**Extended Kalman Filter**

In Kalman filter, we are assuming that prediction & updation steps are linear functions but most real world problems involve non-linear functions. In most cases, the system is looking into some direction and taking measurement in another direction. This involves angles and sine, cosine functions which are non-linear functions which then lead to problems. We receive these non-linear measurements especially from radar as laser sensors represent measurements in Cartesian coordinate while the radar sensors represent in polar coordinate.

Our predicated state **x **is represented by Gaussian distribution which is mapped to Nonlinear function (Radar measurement), then resulting distribution will not be a Gaussian anymore. Non linearity destroys the Gaussian and it does not makes sense to compute the mean and variances.

Kalman filter is not applicable any more as it works with Gaussian functions only. One of the solution is to linearize the non-linear h(x) function and that’s the key of EKF.

EKF** **uses a method called **First Order Taylor Expansion **to linearize the function to obtain linear approximation of the non-linear functions. In this process, a Jacobian matrix is produced, which represents the linear mapping from polar to Cartesian coordinate, applied at the update step.

**First Order Taylor Expansion**

In mathematics, a **Taylor series** is a representation of a function as an infinite sum of terms that are calculated from the values of the function’s derivatives at a single point. In simple terms, we take a point and perform a bunch of derivatives on that point.

In case of an EKF, we take mean of the Gaussian, since it is the best representation of the distribution and perform a number of derivatives to approximate. *But this again will give a curve right which is non-linear,* so we are just interested in the first derivative of Taylor series.

This produces a linear value which is the slope is around that mean. Therefore this method of getting the slope from the first derivative of the Taylor series is known as **First order Taylor expansion.**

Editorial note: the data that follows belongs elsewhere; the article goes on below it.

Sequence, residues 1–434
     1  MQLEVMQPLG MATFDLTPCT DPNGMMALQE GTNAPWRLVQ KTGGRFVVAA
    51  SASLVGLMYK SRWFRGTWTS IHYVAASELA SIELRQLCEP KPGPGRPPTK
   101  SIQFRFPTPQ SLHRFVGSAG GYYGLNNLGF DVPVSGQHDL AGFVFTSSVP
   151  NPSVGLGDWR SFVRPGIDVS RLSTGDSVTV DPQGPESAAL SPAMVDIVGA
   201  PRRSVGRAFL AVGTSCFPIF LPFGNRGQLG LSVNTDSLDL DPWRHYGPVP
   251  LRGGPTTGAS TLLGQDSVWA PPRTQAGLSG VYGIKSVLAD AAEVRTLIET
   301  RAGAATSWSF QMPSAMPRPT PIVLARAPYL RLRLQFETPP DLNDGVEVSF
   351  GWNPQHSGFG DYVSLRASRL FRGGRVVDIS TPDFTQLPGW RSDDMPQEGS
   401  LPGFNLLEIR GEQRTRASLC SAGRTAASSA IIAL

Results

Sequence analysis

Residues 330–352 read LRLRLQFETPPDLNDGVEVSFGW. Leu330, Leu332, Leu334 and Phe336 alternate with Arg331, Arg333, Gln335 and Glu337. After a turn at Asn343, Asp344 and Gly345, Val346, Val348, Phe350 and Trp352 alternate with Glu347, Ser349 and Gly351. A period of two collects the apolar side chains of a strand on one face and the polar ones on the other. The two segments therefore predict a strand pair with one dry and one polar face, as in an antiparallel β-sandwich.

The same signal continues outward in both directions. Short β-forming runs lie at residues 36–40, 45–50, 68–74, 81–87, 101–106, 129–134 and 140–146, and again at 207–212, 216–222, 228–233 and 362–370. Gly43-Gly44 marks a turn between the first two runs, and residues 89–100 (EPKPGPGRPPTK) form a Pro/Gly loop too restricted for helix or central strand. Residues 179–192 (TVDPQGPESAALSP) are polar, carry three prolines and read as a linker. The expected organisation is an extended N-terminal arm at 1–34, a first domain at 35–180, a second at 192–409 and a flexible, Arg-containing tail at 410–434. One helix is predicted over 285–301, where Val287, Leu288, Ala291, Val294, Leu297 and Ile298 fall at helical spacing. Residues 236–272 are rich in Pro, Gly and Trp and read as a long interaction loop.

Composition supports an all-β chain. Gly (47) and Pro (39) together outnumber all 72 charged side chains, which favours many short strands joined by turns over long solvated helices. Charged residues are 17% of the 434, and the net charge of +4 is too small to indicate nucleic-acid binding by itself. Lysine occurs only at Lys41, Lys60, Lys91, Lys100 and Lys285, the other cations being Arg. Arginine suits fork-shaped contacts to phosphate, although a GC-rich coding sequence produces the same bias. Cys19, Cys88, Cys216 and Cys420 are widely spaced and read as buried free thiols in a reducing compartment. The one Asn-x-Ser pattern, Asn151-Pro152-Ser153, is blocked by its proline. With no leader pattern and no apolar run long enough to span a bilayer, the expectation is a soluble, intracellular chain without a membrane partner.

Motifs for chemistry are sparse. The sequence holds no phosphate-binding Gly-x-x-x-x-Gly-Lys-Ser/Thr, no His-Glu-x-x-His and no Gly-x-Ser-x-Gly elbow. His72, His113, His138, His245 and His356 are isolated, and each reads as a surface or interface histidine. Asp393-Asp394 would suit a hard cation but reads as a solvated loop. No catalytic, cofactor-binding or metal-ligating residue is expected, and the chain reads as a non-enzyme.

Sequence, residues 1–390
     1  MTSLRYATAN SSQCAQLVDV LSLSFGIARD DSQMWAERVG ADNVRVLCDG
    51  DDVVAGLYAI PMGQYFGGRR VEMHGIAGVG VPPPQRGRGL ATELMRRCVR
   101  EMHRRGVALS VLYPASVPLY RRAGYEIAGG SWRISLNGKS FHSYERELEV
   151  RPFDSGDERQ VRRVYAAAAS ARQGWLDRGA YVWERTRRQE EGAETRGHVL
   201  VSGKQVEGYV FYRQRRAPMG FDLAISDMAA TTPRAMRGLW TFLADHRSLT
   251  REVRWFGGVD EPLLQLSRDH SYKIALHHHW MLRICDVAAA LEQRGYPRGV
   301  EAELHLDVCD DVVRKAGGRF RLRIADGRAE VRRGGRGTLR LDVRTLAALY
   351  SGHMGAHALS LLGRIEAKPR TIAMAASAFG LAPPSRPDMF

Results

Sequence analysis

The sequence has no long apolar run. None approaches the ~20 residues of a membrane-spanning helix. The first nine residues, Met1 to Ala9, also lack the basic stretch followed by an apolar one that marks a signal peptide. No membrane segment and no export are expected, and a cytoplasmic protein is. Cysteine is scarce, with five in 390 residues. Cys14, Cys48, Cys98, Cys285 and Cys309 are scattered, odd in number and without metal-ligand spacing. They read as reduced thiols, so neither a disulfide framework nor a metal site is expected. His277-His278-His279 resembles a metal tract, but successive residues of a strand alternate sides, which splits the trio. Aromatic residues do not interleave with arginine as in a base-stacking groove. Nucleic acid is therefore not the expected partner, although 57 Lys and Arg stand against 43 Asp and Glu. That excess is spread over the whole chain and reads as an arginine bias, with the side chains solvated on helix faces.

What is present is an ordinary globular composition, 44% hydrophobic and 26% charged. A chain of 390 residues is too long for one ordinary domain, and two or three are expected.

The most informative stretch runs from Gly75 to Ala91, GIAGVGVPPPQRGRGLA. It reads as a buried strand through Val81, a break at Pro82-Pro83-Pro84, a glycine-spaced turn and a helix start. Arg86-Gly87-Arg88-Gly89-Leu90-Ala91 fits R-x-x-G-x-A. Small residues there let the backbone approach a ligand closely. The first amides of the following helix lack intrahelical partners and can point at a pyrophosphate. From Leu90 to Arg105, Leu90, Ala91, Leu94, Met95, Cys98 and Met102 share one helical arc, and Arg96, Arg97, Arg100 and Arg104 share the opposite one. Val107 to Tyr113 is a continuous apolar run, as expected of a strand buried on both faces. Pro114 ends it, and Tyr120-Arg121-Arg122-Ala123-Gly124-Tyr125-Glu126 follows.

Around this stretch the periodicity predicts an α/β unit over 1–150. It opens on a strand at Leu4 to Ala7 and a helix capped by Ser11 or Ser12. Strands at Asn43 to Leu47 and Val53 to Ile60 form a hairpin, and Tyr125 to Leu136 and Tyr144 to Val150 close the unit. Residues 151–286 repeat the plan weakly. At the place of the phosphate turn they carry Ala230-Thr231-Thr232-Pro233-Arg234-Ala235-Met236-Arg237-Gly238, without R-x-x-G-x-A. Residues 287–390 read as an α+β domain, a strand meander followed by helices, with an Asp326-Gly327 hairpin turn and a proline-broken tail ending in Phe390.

For every non-linear function, we just draw a tangent around the mean and try to approximate the function linearly.

# Effect of EKF on the Predict and update equation of KF

It is necessary to know the source of data i.e. for in case of Autonomous Vehicle we need to know whether the data on which we have to perform prediction, is coming from Lidar or Radar.

LIDAR provides us the distance in the form of Cartesian coordinate system and a RADAR provides us the distance and velocity in Polar coordinate system. The measurement vector for both of them is as follows:

**LIDAR : {px ,py}**

**Radar : { ρ, Φ , ρ_dot}**

where

**px:** x coordinate of object in Cartesian System

**py:** y coordinate of object in Cartesian System

*ρ **: *distance of the object from vehicle

*Φ** : anti clockwise angle between x and ρ*

*ρ_dot** : rate of change of ρ*

**x-axis :** location in which car is moving.

It is now understood that data provided by LIDAR are linear in nature while that of the radar are non-linear. So the equations for the Lidar data will remain the same as that of Kalman Filter but for the Radar measurement it will be different. As **Radar measurement** is non-linear, we need to use EKF on M**easurement Update** cycle, but we can use the same formula in prediction cycle.

**Prediction Step:**

**x′ = F.x + B.μ + ν**

**P′ = FPFᵀ + Q**

It will remain same as that of KF irrespective of the device.

**Update Step for Radar Measurement:**

**y= z — h(x′)**

**z:** actual measurement in polar coordinate system

**x′: **Predicted Value in the Cartesian system

**y: **Difference between the measured value and actual measurement.

**h(x′) : **mapping of predicted Cartesian coordinate system to polar coordinate system. **This mapping is required because we are predicting in Cartesian coordinates but our measurement (z) that is coming from the sensor is in Polar Coordinates.**

**S= HⱼP′Hⱼᵀ + R K= P′HⱼᵀS⁻¹**

**R: **Noise in the measurement phase

**S:** Total error

**S⁻¹:** The inverse of S. Since in matrix representation we cannot divide so we are taking **S⁻¹**

**K: **Kalman Gain

**Hⱼ: **Jacobian Matrix

As we have already seen that to convert the non-linear function to linear we use the Taylor series expansion and takes it first derivative. This first order derivative is given by Jacobian Matrix as we are dealing with matrix in the equations. Since in case of RADAR we have 4 measurements, 2 for distance and 2 for velocity, the state vector for radar consists of px,py,vx and vy.

By applying the derivative we will get the final value of Hj as follow:

**x = x′ + K.y P = (I- KHⱼ)P′**

Finally we update are state vector and the covariance matrix and will move on to next prediction step to get the other values.

**Summary:**

*In a LIDAR based measurement, we will apply a Kalman Filter because the measurements from the sensor are Linear. But in case of a Radar we need to apply Extended Kalman Filter because it includes angles that are non-linear, hence we do an approximation of the non-linear function using first derivative of Taylor series called Jacobian Matrix (Hⱼ) . Then we convert our Cartesian space to polar space using h(x’) and finally we replace H with Hⱼ in all further equations of a KF.*

**Drawbacks of EKF:**

- When the prediction & updation steps are highly non-linear, EKF will give relatively poor performance.
- In extended Kalman filter the approximation was done based on a single point i.e. mean of the distribution. This approximation may not be the best possible approximation and lead to poor performance
- There is a high computational cost for calculating Jacobians matrix.